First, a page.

If Arkansas keeps trending the way it is in terms of its number of covid-19 cases, recoveries, hospitalizations and other data points, Gov. Asa Hutchinson says we can all expect a chance to have football games this fall.
OK, football fans, do you want that chance?
The more important immediate question to me is whether I'll get to see the St. Louis Cardinals play this year, in person or even just on TV. But in Arkansas, football rules the fall, and Hogs, Red Wolves, Bears, Bulldogs, Mounties, Wolverines, Tigers, Wildcats, War Eagles and an entire zoo of other pigskin predators are undoubtedly eager to compete.
On Friday, a reporter asked Hutchinson his outlook for college sports as it relates to the state's covid-19 response. The governor's Economic Recovery Task Force, headed by Steuart Walton, will make recommendations about fall sports as well as youth sports this summer, Hutchinson said. College athletics faces the complication of myriad approvals and standards from different schools, conferences, the NCAA and other regulatory bodies.
Hutchinson said he's optimistic Arkansas will get where it needs to be to allow fall sports on college and high school campuses to happen, but it's too early to know. Hutchinson said, "I guarantee you, I'm pulling for that outcome."
Absent a vaccine -- for covid-19, not for football fanaticism -- going to mass gatherings in the fall will still carry a heightened risk of infection.
Keep in mind that among the biggest threats arising from any gathering is the introduction of the virus by any visitor who is not normally part of the group. You can have a whole family, for example, that is virus free, but if infected Cousin Martha from Mississippi comes calling and gets all huggy, it's the chain reaction she sets off that's the problem.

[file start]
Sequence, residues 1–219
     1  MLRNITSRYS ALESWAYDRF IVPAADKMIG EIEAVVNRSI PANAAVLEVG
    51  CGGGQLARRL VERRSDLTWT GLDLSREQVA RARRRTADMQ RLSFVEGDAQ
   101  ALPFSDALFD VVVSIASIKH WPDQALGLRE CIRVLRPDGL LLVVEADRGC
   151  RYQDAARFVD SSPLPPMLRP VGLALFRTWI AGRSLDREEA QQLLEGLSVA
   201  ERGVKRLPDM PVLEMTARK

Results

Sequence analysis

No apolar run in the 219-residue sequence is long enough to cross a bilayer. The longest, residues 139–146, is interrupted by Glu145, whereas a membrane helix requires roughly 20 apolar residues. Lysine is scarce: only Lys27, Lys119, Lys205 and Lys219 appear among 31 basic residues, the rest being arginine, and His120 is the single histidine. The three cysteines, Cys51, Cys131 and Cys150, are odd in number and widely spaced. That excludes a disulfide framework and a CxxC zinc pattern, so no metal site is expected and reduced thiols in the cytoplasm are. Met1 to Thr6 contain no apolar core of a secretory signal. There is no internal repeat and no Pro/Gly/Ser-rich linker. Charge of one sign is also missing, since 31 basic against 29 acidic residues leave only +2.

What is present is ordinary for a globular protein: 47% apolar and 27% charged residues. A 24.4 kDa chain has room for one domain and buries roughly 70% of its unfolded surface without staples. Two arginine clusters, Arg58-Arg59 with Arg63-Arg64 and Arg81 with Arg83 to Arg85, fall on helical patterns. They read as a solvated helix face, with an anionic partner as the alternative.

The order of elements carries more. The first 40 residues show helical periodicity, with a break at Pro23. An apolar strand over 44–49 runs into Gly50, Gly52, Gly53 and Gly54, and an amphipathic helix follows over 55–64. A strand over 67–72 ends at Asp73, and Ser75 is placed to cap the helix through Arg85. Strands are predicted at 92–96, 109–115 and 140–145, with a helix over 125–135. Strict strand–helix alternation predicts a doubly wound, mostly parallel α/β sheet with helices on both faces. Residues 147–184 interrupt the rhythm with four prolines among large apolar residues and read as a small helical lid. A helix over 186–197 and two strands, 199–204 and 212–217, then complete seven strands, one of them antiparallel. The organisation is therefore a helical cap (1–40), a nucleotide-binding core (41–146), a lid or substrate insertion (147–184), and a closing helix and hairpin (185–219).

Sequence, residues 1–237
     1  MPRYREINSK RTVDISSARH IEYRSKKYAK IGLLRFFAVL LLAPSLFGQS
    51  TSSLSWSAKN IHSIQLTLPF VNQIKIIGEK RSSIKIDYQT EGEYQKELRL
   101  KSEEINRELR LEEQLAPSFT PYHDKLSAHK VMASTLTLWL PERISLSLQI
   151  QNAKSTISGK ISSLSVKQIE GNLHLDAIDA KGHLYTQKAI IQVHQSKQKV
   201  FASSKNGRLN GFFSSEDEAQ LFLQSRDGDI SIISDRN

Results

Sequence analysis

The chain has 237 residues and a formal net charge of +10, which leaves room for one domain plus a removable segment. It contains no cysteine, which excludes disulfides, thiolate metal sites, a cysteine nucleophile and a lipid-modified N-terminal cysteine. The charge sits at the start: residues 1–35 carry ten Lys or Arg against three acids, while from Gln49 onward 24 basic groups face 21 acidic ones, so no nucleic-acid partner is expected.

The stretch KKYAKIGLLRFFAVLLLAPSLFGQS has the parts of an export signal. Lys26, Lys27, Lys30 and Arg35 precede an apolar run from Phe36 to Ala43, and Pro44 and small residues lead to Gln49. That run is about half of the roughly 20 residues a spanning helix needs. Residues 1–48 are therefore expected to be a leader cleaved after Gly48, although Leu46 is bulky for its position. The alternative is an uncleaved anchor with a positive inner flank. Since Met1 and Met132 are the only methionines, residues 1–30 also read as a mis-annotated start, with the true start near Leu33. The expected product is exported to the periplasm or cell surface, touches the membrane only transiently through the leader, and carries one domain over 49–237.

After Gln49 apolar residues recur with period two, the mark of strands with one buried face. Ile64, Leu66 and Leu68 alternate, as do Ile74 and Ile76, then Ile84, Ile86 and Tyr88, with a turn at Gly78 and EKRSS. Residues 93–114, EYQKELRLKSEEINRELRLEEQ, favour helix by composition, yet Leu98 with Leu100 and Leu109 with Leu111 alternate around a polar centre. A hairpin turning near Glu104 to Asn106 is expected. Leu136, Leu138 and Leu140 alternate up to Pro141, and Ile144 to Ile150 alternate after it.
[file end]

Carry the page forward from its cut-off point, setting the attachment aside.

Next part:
Don't forget that every time a university sends its players out on the field, there's a visiting team on the other sideline, and visiting fans in the stands.
For Razorback fans in September, for example, that means welcoming teams and fans from Reno, Nev., to Razorback Stadium. It also means sending our team and fans who like to travel to away games to South Bend, Ind., (Notre Dame) and to Starkville, Miss. (Mississippi State). And it means sending both teams, coaches, staff and fans to Dallas when the Hogs play Texas A&M from College Station.
I'm no statistician. But even I can figure out that the chances of "community spread" increases a lot when people from different communities are filling up stadiums together.
But what are Arkansas teams to do, just play in-state competitors? The ground just shook up on The Hill.
Beyond all that are economic questions: Are people going to be eager come September to spend their money on tailgating, tickets, travel and the like? Or will they have gotten used to sports having a more limited role in their lives? That's got to be a concern for athletic directors when it comes to making sure games pick up in the fall: If games don't happen, will people begin to realize other viable options they have for their time and money?
Will you be willing to take your kids or, maybe even more daunting, your parents to a football stadium? Now, getting beer or a soda dumped on you from a clumsy fan won't be near as unnerving as sitting beside someone who coughs a lot.
As fans, we're fortunate. We don't have to decide until almost game time. Colleges and conferences have to be making plans now with a lot still unknown.
I love the idea of going to Razorback Stadium in the fall, to see what Sam Pittman puts on the field. But I can't blame anyone for viewing the venue as much as a Petri dish as a stadium.
Commentary on 05/10/2020